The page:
The recently released video borrows liberally from 80s tropes and follows Shoffner singing and swaying along to the song as though she were in a karaoke bar — but shot in a seductive and hazy hues of purple, green and red, complete with views from several different TVs and a brief appearance by Chrissy pressing buttons. And in some small way, the video should remind folks of how deeply influenced the Chicago-based duo are by late period disco and 80s synth pop but while putting a subtle modern feel on it.

New Video: The 80s New Wave and Post-Punk Inspired Sounds and Surreal Visuals of Beach Baby’s “U R”

The London-based quartet’s latest single “U R” has the band pairing shimmering guitar chords, a propulsive, motorik-like groove, a soaring and anthemic hook that you can practically hear kids in a sweaty little club lustily singing along with, with lyrics that focus on the start and bitter ending of a relationship that has its narrator feeling ambivalent and confused. Was the relationship one of the best things that happened to this life? Or was the breakup the best thing that happened because the relationship was so wrong, so dysfunctional that he’s freed from something truly terrible? Should he even feel bitter and confused? Although open-ended, much like life itself, the song manages to be wistful and bittersweet look back at a relationship that should feel familiar — while evoking the dashed hopes and expectations of a relationship and of one’s summer.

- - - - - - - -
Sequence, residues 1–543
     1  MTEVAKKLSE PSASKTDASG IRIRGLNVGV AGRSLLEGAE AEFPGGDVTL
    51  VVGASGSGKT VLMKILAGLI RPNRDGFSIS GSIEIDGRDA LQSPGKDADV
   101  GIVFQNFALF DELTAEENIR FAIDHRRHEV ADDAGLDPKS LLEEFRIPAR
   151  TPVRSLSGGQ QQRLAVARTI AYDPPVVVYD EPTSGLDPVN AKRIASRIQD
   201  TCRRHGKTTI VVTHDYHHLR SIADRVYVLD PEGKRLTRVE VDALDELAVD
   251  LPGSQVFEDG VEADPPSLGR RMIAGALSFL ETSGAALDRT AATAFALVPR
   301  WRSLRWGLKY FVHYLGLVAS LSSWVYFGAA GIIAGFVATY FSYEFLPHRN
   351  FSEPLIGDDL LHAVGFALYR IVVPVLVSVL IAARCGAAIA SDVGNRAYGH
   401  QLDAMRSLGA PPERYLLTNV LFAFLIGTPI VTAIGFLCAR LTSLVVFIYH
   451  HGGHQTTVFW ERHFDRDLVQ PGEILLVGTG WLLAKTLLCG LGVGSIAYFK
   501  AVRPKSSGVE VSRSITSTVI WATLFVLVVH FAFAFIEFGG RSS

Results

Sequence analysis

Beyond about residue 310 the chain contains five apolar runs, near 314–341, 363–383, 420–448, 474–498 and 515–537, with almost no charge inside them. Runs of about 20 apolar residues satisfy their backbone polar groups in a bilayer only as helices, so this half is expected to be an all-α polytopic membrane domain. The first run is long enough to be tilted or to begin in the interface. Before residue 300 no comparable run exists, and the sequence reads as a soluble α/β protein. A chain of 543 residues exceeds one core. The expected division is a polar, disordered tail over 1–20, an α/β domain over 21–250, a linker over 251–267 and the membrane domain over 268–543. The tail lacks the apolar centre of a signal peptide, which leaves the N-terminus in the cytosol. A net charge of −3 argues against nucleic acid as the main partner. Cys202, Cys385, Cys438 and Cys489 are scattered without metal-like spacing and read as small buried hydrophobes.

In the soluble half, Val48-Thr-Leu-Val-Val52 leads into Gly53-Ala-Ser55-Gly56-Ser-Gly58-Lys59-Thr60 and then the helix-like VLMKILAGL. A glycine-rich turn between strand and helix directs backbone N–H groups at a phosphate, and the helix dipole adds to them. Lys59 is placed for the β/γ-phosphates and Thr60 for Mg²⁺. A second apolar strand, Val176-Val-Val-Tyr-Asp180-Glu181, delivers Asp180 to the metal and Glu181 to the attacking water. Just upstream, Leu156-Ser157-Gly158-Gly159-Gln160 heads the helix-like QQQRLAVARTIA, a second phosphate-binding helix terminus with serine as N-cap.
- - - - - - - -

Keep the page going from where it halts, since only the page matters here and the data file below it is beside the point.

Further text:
The recently released music video follows Lily, its protagonist through the five stages of break-up grief that evokes the surreal feeling of your life being irrevocably altered and not quite knowing how to react or what to do before you finally begin moving forward with your life.

New Video: The Psychedelic Sounds and Visuals of Teenage Ghost’s “Apocalypse Times”